Jill Slack - 15/05/2020 14:04:10

Our situation is the same as below. 5 months continuously using scarers. One placed fight by the footpath. Again sounds lime a shooting range at times. This can be especially a weekend and Sundays. My dogs are terrified at home in the garden and on local roads in the village and will pull out of their collars and run off which places them at risk. We have had historic battle re footpaths which farmer blocked off and residents here feel they are doing on purpose. I cant get this through to council lady who thinks they are taking her advice. They arent. Changes just coincide with what they wanted to do anyway. I ask too. Why 5 months continually everyday. This has been proved to be ineffective

John Turner - 12/03/2020 12:08:23

The farmer here has been using gas guns constantly since about November. I think they are growing rape. They are near the edge of town and sound every day from before sunrise to after sunset, maybe twenty times an hour around dawn - less often during the day. Apart from breaking all the advice, is there actually any point in using them month after month? I've never known anyone do so, and this farmer has never used them at all before. We think it's just to upset the neighbours because they fought off a huge housing development on the land. I'm particularly interested to know whether there is any justification for such long term use. Thanks.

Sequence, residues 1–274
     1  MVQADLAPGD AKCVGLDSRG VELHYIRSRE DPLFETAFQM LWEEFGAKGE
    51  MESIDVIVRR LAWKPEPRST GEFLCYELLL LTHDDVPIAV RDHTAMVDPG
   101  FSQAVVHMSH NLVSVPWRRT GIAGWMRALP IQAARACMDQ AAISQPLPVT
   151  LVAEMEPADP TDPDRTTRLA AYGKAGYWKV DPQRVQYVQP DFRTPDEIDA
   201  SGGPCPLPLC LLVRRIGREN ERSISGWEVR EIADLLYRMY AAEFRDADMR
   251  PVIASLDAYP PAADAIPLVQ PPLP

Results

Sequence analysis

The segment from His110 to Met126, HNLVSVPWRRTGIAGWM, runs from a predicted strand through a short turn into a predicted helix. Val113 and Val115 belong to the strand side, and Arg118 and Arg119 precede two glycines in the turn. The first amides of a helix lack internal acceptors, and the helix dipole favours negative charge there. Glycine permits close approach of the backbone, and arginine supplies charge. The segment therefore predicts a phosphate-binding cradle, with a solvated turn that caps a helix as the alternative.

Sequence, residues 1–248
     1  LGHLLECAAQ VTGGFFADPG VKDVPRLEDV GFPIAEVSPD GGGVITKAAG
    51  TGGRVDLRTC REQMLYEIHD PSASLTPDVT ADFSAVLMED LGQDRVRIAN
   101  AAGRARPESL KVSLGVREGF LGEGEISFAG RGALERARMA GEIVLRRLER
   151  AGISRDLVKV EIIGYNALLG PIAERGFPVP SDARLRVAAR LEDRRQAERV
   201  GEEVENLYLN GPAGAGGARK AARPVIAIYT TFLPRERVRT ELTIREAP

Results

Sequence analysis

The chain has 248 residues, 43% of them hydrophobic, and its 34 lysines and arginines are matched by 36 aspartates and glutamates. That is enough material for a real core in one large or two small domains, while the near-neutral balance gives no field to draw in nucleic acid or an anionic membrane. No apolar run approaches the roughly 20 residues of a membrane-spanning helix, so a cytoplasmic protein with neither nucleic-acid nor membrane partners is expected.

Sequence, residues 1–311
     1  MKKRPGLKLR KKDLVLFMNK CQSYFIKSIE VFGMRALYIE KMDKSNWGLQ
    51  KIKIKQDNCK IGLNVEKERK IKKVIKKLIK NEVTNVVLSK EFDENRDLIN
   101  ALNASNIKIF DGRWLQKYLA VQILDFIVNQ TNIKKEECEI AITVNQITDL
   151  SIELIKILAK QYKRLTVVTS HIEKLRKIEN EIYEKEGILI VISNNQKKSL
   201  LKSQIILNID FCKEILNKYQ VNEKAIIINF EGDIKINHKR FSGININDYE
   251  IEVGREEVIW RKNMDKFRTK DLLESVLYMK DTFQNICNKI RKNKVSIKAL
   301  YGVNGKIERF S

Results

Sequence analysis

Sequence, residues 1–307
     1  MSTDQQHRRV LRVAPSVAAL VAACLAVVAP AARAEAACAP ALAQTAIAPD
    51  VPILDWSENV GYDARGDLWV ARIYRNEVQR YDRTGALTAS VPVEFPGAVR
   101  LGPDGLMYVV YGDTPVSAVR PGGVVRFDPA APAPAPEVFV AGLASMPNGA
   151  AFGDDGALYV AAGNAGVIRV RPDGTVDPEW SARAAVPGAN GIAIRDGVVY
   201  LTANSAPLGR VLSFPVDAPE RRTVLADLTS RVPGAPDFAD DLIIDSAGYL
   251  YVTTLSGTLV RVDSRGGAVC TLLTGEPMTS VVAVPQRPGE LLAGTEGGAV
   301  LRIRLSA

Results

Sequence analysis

Countryside website team - 05/02/2020 12:24:28

Tracy Lowther: Sounds like this farmer is trying to be considerate and has read the CoP: “Use reflective or absorbent baffles (of say corrugated iron or straw bales) to concentrate the sound onto your field and away from neighbours wherever nuisance could be caused”. It may also be to hide its location as scarers can be a target for thieves when close to footpaths or bridleways.

Countryside website team - 05/02/2020 12:23:53

Neil Wiltshire: Scarers usually aren’t required once the crop is established, but woodpigeons can also target the crop around harvest. Scarers are an expense so farmers won’t use them if they aren’t needed. Many crops are sown (drilled) during the autumn ready for harvest the following summer. Hard to be certain what crops they are protecting, but likely to be winter wheat or oil seed rape which are usually drilled in the autumn. However this year due to the wet conditions many farmers have been drilling much later so scarers could be required at a different time.

Neil Wiltshire - 04/02/2020 10:50:28

With reference to my previous comment, 31-12-19 can I ask what crops are being protected during winter and will the use of bird scarers cease once the crop is established